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frugal technology, simple living and guerrilla large-appliance repair
Sun, 07 Aug 2011

Debian lets me do what I need to do

I'm in the same situation now with Debian Squeeze that I was in back when Debian Lenny was the stable release:

I can't think of a system that allows me to do so much, so efficiently and without trouble as Debian Stable.

Debian Stable can be boring. Nothing new enters the archive. Except this time I'm using Debian Backports, the Liquorix kernels built for Debian, the Debian Mozilla Team APT archive, Google's Chrome browser repository and Dropbox's Debian/Ubuntu repository in addition to Debian Multimedia to shape Debian the way I want and need it.

So as much as I'd like to give some of my other favorite operating systems a try (Ubuntu, Fedora, OpenBSD ...), I'd be crazy to give up Debian as my daily workhorse operating system. It works without complaint. And that means I work without complaint.

I can't help but think that a key component of all of this is the GNOME 2 desktop, which is on the way out in favor of the still-controversial (and not all-the-way functional/finished) GNOME 3. That will come into Debian by the next stable release. Let's hope it works.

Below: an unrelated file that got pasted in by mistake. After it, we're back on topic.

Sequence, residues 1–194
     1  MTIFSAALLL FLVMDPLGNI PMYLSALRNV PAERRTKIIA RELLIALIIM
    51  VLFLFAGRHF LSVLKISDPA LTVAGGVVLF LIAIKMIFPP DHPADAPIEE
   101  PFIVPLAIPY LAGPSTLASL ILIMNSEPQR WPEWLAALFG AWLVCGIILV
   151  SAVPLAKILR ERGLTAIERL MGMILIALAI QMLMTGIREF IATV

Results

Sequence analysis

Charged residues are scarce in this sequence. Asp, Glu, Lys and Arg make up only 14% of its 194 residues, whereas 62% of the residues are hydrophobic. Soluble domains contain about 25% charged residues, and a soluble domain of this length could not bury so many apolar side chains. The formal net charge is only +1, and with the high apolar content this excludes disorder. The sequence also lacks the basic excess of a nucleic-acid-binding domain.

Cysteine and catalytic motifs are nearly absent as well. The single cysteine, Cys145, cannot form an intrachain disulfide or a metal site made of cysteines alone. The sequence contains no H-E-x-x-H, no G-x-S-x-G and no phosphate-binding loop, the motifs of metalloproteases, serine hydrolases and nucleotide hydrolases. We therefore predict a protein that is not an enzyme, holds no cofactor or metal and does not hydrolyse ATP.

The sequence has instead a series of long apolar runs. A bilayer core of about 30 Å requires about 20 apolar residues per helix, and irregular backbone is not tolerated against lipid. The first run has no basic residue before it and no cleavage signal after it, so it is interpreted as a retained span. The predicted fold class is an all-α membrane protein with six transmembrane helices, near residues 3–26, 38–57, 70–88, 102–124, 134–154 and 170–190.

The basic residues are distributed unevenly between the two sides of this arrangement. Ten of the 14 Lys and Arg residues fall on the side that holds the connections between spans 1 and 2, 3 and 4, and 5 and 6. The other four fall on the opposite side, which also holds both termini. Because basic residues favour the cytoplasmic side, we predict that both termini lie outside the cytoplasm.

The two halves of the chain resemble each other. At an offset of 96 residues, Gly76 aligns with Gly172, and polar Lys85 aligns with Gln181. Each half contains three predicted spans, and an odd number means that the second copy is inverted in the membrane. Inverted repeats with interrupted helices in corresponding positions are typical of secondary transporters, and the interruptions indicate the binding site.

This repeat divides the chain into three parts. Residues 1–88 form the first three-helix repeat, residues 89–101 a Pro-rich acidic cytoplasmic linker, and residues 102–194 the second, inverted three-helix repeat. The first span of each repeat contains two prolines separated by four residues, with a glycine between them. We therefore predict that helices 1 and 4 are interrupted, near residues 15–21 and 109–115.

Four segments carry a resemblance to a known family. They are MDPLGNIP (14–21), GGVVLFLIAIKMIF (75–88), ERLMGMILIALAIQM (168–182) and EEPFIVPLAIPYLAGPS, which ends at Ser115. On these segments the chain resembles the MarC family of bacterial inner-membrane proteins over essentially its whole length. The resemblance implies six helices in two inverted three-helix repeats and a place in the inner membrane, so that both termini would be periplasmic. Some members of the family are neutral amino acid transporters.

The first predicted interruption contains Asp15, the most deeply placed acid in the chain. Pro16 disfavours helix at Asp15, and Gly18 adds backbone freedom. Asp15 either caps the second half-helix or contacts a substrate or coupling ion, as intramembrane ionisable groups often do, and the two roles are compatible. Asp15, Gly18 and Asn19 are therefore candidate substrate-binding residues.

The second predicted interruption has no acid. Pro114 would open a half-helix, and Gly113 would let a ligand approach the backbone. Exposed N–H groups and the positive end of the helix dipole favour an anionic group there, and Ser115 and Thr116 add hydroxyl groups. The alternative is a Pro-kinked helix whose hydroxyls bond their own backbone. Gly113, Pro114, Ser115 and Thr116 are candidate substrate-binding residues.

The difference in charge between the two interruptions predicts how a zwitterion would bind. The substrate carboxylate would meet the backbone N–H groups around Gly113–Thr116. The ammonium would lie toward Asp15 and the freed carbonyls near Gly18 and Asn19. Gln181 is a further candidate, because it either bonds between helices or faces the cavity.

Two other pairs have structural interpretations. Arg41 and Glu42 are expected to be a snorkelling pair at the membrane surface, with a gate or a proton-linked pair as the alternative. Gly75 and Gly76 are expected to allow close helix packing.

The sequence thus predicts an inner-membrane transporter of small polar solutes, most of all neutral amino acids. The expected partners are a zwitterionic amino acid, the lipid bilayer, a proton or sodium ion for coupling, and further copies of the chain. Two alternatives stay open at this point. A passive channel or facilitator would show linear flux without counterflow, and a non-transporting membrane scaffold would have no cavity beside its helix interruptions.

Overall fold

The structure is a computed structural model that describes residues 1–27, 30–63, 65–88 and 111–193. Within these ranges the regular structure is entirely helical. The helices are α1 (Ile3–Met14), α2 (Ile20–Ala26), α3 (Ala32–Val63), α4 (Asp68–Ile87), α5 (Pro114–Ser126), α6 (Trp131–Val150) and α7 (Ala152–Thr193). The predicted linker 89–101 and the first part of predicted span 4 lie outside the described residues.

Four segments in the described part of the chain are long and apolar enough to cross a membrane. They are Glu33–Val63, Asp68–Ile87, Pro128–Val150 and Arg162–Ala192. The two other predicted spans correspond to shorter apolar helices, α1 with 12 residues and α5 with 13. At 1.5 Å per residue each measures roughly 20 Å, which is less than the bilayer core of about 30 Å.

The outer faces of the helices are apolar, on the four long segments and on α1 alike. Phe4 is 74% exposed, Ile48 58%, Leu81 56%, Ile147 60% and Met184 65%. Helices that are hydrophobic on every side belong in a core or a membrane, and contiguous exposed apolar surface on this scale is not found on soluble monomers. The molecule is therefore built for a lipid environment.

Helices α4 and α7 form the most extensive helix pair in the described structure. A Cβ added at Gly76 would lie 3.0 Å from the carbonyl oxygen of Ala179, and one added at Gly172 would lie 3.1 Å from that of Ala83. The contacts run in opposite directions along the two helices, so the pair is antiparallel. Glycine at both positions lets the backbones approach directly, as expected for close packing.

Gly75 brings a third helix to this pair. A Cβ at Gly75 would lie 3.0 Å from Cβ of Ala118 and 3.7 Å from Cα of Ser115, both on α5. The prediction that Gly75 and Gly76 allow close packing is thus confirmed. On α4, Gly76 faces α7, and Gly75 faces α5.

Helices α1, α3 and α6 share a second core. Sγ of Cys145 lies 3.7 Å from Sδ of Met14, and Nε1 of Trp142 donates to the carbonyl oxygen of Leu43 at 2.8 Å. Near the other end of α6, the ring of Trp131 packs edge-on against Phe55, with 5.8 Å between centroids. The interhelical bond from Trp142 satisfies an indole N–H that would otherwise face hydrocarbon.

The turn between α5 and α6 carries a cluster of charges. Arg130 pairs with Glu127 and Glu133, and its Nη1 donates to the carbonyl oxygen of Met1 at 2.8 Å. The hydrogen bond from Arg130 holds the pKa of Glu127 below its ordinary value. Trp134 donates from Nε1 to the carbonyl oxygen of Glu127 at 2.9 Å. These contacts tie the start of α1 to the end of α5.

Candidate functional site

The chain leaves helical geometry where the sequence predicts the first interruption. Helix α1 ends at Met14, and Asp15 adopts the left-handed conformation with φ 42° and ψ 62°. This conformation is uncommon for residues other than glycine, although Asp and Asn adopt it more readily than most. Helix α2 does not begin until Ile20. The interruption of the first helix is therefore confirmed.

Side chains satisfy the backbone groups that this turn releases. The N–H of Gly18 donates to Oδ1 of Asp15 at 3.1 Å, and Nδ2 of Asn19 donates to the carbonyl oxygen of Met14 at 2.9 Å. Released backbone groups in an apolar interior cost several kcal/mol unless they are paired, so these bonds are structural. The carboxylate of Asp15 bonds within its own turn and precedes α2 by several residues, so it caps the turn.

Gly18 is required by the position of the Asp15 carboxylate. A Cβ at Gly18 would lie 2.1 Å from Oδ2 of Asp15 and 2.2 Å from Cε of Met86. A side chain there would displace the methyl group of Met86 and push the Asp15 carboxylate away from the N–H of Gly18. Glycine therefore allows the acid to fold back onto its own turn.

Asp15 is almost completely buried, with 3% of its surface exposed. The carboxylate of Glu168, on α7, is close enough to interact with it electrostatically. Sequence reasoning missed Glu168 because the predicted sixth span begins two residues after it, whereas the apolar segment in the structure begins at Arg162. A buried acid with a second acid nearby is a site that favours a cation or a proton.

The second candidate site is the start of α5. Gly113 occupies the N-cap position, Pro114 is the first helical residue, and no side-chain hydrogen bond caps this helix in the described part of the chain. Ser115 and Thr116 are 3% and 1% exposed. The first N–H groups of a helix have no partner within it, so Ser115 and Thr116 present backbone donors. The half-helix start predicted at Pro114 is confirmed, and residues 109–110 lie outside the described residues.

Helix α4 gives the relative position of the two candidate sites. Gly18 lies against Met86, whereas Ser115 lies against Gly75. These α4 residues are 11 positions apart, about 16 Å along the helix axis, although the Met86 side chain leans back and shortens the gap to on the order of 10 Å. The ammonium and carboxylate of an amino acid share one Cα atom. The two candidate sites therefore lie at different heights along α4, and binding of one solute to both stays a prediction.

Back when I was running Lenny, I got bored and tried to dist-upgrade to Squeeze (then the Testing release, and I don't think there were release notes for Squeeze to help me do the upgrade right). I blew out the installation and then moved on to other systems.

I'm going to try very hard not to make that mistake this time around. Squeeze is running so very, very well that I am extremely reluctant to mess with it on my hardware (Lenovo G555 with AMD Athlon II at 2.1 GHz, 3 GB RAM, 320 GB SATA hard drive).

I don't write as often as I'd like, and my aim is to write less about what OS I'm running and more about everything (and anything) else. But I've been working very hard lately, using Debian to do it, and I thought it deserved a mention.

I tend to write more when things aren't working right, but with Debian, that's seldom the case.